The home of a late but treasured author is now a U.S. national landmark.
The National Register of Historic Places has added the New York apartment of late writer James Baldwin to its list of historical landmarks.
James Baldwin was a popular black and gay writer during the civil rights era. He often spoke candidly about being an openly gay Black man during this era. Something that both inspired people around him and caused the ire of others.
When he wasn’t writing, Baldwin was often fighting for political activism concerning black people and gay people. This led to him being the close friend and ally of several historic figures such as Medgar Evers, Malcolm X, and Dr. Martin Luther King Jr.
Despite his political history and his many notable works like Notes on a Native Son or If Beale Street Could Talk, Baldwin had been fairly ignored Hollywood and the entertainment industry. That said, Moonlight director Barry Jenkins was applauded on his adaption of If Beale Street Could Talk (the first film adaption of a Baldwin work). The film was nominated Best Adapted Screenplay and Best Original score at the 91st Academy Awards. Regina King also won the Academy Award for Best Supporting Actress.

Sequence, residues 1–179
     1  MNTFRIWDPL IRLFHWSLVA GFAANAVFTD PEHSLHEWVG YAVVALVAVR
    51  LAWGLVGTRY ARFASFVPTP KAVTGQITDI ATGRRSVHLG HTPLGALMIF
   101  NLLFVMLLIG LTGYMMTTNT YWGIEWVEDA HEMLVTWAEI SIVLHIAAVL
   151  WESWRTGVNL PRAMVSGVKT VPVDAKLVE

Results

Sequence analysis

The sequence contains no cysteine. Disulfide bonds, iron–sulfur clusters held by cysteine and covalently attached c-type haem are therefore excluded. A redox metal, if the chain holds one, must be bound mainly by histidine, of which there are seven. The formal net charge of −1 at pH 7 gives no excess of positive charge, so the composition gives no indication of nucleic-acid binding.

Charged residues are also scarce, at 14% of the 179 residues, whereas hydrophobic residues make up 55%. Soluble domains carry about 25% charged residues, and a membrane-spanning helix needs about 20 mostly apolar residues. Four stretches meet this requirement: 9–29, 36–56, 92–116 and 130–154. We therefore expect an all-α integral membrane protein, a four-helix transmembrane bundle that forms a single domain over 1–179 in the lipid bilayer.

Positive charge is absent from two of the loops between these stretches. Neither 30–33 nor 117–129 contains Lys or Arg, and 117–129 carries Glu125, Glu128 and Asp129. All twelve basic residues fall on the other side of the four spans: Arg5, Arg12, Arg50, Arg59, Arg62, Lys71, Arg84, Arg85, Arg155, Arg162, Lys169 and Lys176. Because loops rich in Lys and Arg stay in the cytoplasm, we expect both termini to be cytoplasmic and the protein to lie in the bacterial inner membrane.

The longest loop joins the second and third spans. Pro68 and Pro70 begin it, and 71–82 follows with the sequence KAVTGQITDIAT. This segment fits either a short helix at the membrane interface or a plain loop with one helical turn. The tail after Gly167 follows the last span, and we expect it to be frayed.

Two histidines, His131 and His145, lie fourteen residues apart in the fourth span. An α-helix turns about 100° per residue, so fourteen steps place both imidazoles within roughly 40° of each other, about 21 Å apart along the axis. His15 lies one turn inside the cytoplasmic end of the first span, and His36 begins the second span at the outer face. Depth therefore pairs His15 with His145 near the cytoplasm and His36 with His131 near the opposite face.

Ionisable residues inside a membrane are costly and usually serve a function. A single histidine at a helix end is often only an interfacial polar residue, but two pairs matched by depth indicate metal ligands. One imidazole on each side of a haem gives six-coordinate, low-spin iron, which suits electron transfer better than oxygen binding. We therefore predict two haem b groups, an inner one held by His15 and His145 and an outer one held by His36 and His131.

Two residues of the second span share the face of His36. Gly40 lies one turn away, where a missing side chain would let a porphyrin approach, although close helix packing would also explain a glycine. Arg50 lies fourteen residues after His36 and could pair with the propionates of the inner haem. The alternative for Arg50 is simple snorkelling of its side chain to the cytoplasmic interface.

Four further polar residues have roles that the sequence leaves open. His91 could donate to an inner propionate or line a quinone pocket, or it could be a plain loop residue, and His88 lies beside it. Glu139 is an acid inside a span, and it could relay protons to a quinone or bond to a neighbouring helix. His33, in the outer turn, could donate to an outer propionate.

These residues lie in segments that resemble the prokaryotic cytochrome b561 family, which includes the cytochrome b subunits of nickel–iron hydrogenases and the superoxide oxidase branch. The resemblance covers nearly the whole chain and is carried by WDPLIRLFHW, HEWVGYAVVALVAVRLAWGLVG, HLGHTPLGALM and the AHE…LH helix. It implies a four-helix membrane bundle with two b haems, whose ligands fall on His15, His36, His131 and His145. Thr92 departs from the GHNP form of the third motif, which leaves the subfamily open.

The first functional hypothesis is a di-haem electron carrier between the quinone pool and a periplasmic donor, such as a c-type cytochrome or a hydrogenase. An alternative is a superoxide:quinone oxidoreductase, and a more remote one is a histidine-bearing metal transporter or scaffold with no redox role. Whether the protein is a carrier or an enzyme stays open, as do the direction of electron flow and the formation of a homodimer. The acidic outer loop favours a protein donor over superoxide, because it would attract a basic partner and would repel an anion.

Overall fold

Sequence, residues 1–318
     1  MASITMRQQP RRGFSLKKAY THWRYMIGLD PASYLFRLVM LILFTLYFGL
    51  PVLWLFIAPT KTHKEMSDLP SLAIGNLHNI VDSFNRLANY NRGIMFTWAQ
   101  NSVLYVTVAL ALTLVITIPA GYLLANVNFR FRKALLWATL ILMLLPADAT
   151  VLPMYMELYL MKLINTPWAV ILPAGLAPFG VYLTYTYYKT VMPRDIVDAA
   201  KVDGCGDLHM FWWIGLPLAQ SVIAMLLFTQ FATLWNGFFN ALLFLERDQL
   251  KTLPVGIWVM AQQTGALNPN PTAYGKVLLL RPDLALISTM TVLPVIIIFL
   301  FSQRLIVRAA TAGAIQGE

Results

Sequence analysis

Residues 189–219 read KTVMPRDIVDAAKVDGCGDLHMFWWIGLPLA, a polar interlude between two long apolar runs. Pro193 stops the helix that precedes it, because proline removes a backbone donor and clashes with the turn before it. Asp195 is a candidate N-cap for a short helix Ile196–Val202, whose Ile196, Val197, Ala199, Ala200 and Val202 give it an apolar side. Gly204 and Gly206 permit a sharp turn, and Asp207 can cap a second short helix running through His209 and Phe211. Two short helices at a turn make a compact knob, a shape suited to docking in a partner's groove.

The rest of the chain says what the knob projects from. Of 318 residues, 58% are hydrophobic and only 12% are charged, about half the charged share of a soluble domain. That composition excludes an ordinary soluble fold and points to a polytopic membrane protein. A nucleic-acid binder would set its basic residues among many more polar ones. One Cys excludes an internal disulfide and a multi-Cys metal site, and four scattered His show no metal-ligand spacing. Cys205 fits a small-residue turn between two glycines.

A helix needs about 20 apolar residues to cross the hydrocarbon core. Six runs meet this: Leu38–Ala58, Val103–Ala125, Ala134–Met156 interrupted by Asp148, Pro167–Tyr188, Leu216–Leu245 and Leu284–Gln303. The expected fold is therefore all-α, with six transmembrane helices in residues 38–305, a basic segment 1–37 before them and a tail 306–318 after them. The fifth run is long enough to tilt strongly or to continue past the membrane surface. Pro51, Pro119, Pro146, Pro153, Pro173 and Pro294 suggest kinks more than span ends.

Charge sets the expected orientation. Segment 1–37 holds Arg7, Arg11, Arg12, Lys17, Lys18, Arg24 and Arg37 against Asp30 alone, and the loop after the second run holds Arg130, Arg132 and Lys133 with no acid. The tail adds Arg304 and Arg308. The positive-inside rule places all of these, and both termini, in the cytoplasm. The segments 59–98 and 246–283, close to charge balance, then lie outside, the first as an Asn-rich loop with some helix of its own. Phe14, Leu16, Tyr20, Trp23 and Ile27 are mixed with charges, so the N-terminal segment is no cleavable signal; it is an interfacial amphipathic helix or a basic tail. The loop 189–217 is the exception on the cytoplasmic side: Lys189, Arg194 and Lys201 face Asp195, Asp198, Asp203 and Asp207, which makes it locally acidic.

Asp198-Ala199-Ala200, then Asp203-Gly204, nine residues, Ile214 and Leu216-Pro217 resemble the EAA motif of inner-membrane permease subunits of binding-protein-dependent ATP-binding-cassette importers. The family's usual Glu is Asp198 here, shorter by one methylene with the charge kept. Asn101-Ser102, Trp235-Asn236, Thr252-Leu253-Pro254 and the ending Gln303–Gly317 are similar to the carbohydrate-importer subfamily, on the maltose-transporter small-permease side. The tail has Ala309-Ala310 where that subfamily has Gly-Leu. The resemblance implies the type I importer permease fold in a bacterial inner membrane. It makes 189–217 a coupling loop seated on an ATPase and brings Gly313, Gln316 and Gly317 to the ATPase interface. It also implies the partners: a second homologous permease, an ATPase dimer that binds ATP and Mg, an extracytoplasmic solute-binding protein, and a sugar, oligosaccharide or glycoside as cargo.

Now, the apartment on 137 West 71st Street where many of Baldwin’s most famous works were written will be recognized as a national landmark.
“Seeing James Baldwin’s NYC residence listed on the National Register of Historic Places is the realization of our mission, in part, to increase LGBT representation on this important official inventory of sites and to formally recognize the U.S. home most closely associated with Baldwin, a pivotal voice of 20th century America,” said Amanda Davis, project manager at the NYC LGBT Historic Sites Project, which helped champion the recognition.
In addition, New York Governor Andrew Cuomo recognized the apartment as a state and city landmark earlier this year. Thanks to that, the building’s historical significance will be remembered for many years to come.